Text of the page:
Iron Health Benefits

Published 4/2/14

The human body requires several essential minerals to reach a full development and a sound general state of health. Iron is one of the most important minerals and a vital ingredient comprised by hemoglobin, the erythrocyte protein that transports oxygen from lungs to body tissues.  Muscles and tissues demand a certain amount of oxygen to function properly.  

An ideal iron intake offers many health benefits. It ensures optimal cellular functioning, normal growth and development and also plays an important part in hormone synthesis. The easiest way to maintain healthy iron levels is by eating a diet with foods rich in iron. Studies indicate that iron deficiency represents the most common type of anemia. Statistics show that 2 billion people worldwide are anemic and most of them suffer from a certain degree of iron deficiency.

Iron Deficiency Symptoms

In the absence of iron, the human body isn’t able to produce hemoglobin in the red blood cells. Hemoglobin is the substance that carries oxygen from lungs to body cells. In this context, iron deficiency anemia may cause prolonged fatigue. Initially, the first signs associated with this health concern may pass unnoticed because of their mildness. Symptoms may include:

·      Dizziness and headaches

·      Weakness and shortness of breath

·      Chest pain

·      Fast heartbeat

·      Pale skin and brittle nails

·      Restless legs syndrome (crawling or tingling sensation felt in the legs)

·      Cold feet and hands

·      Reduced appetite

·      Unusual cravings for inedible products such as starch, ice or dirt

Pregnancy, blood loss, inability to assimilate iron and a poor diet represent the main causes of iron deficiency anemia. Frequent blood donors, women, children and vegetarians are the main categories of people who are more likely to develop an iron deficiency.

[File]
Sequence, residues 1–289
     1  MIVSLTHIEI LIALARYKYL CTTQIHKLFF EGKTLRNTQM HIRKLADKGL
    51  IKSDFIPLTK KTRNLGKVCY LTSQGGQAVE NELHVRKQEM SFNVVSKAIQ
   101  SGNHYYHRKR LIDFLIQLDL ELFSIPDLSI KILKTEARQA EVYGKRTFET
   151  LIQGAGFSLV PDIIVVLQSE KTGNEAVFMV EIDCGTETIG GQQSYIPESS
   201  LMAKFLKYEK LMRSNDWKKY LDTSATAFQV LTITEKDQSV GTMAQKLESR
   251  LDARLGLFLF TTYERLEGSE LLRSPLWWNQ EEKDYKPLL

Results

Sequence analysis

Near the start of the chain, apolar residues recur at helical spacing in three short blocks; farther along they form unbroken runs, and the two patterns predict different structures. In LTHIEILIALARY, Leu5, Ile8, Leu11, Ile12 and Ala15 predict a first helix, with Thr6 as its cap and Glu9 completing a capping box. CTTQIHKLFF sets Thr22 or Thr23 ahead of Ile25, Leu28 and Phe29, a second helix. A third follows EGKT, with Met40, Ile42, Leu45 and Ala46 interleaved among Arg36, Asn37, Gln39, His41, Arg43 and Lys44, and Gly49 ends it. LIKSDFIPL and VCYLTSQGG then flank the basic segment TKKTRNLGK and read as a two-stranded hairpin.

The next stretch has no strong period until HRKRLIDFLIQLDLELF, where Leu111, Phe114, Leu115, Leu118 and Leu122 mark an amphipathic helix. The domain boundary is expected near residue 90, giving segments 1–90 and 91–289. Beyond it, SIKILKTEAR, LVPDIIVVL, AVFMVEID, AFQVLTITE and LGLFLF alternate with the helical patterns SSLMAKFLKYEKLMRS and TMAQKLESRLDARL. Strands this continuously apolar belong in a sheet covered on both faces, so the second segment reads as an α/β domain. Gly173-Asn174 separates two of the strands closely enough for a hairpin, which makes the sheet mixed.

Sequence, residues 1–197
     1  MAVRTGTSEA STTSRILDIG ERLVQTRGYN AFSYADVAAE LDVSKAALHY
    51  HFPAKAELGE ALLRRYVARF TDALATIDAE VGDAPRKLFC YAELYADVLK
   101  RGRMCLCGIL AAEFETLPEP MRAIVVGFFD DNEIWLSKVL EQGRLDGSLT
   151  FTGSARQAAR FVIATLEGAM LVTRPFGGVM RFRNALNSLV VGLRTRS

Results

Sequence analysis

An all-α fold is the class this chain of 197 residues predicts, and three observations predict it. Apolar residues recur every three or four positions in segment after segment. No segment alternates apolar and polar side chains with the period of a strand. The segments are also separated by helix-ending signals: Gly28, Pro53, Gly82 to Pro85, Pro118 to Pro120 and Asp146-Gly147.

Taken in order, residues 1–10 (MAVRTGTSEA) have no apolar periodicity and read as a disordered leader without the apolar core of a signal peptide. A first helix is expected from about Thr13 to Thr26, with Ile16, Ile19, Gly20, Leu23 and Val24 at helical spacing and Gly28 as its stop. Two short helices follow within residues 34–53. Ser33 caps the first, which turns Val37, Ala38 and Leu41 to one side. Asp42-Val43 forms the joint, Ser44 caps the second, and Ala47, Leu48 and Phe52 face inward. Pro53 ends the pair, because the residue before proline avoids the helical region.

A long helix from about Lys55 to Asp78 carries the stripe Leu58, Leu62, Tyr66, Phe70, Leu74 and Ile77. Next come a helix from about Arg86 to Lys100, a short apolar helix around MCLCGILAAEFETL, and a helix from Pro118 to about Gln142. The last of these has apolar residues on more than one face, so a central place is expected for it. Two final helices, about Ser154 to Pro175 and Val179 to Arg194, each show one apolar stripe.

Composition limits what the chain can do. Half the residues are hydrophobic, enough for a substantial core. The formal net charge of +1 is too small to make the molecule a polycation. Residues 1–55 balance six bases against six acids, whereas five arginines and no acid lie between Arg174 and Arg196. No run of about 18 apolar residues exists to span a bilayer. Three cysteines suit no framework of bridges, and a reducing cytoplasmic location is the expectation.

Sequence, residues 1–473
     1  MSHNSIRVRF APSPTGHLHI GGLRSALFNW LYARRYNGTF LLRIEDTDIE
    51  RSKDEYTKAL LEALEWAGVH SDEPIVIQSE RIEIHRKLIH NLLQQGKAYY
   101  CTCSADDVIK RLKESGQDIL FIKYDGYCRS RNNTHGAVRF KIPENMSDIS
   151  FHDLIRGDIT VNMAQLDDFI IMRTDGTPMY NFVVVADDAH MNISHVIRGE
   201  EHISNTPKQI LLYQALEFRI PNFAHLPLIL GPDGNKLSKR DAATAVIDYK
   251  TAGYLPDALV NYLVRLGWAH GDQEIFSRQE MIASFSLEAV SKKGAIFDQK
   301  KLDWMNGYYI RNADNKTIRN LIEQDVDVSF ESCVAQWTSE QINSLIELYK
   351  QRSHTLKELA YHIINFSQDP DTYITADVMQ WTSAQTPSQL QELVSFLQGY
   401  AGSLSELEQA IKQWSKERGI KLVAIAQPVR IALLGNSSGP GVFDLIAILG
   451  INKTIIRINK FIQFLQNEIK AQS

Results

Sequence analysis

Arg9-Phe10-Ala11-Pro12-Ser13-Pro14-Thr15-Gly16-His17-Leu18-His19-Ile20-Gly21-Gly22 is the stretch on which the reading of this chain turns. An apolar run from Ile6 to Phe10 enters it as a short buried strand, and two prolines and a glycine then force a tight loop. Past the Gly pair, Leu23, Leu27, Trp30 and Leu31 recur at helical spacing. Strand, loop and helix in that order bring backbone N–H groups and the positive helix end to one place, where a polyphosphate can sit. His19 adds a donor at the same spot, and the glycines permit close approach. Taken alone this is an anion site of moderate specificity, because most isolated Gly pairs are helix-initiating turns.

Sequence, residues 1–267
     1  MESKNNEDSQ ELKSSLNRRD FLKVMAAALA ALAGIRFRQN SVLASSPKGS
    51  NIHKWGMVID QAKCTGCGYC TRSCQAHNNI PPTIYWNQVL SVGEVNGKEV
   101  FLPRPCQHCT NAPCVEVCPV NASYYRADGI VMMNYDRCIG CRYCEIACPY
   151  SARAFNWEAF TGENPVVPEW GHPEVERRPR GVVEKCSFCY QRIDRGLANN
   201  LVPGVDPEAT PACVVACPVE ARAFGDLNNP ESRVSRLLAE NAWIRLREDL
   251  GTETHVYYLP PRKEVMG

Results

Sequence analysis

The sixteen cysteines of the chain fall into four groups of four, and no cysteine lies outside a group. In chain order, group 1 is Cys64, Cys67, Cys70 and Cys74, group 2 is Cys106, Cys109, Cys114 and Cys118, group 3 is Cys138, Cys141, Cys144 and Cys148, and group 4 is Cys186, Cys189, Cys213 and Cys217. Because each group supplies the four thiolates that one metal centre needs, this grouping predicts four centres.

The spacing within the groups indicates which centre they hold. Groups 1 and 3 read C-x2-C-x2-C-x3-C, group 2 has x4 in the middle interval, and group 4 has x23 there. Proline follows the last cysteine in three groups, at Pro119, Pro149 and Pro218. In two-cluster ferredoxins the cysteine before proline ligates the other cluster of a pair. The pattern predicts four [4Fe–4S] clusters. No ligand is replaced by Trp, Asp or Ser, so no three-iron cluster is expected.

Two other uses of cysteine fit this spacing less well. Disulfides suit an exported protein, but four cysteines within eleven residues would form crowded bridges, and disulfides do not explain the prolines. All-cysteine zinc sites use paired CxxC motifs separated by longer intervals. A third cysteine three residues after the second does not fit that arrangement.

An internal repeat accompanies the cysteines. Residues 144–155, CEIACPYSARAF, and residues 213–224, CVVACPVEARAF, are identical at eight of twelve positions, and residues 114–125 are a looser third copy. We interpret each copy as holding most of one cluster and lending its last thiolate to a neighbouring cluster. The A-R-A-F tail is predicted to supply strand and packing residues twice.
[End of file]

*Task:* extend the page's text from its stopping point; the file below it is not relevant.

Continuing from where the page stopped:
Iron Rich Foods

Dietary iron is available in two forms: nonheme and heme. Iron-fortified products and plants contain only nonheme iron, while fish, red meat and poultry contain both types of iron. Excellent sources of heme (offering more than 3.5 milligrams of iron/serving) are oysters, clams, chicken and beef liver, cooked turkey, sardines canned in oil, ham, tuna, salmon and haddock.

Other foods rich in iron are tofu, beans, squash seeds and iron-enriched cereals offer up to 3.5 milligrams of nonheme/serving; split peas, chickpeas, dried apricots, wheat germs, broccoli and baked potatoes are also great sources of nonheme, offering around 2.1 milligrams/serving. One cup of pasta, rice or spinach may also bring 0.7 milligrams of nonheme per serving.  90 grams of lamb liver contain 8.6 mg of iron, 6 oysters contain 3.5 mg or iron and 100g lean beef provides 2.2 mg of iron.

The Ideal Iron Intake

The optimal DRT (dietary reference intake) established for this mineral varies a great deal based on factors like gender and age. For instance, males and females in the 9-13 age group and those over 51 need 8 mg of iron/day; during pregnancy, women require 27 mg/day. Also, women who are breastfeeding need 9 to 10 mg of iron per day.

Importance of Iron in Your Body

While the first signs of iron deficiency may initially pass unnoticed, in the long term they can be linked to alarming health concerns.  Left undiagnosed and untreated, this type of anemia can have severe repercussions that may include delayed growth, heart problems and enhanced risks during pregnancy.

Benefits of iron are that it regulates cell growth. It represents a vital component of myoglobin and hemoglobin, two types of proteins that transport oxygen inside the body. Iron also plays an important role in the processes that occur inside body cells, during which energy is produced for our entire body. This is precisely why iron deficiency is associated with a general state of fatigue. Iron supplements can help users correct this deficiency correlated with kidney disease, pregnancy, abundant menstruation or chemotherapy. 

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